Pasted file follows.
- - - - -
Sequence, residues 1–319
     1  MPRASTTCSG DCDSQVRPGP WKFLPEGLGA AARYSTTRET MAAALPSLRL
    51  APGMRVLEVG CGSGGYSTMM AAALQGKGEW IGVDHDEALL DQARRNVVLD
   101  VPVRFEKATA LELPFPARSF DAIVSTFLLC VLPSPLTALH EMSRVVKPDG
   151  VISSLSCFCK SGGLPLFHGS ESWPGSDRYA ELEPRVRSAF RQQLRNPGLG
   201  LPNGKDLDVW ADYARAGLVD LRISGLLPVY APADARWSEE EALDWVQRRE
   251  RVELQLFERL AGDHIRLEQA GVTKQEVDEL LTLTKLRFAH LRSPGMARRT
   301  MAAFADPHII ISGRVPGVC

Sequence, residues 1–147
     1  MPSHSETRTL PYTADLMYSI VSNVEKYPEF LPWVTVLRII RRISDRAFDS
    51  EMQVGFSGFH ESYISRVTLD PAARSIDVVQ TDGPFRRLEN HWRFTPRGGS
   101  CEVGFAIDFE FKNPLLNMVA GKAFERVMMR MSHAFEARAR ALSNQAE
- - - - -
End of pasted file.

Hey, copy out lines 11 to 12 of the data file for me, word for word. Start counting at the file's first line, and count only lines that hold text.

    51  EMQVGFSGFH ESYISRVTLD PAARSIDVVQ TDGPFRRLEN HWRFTPRGGS
   101  CEVGFAIDFE FKNPLLNMVA GKAFERVMMR MSHAFEARAR ALSNQAE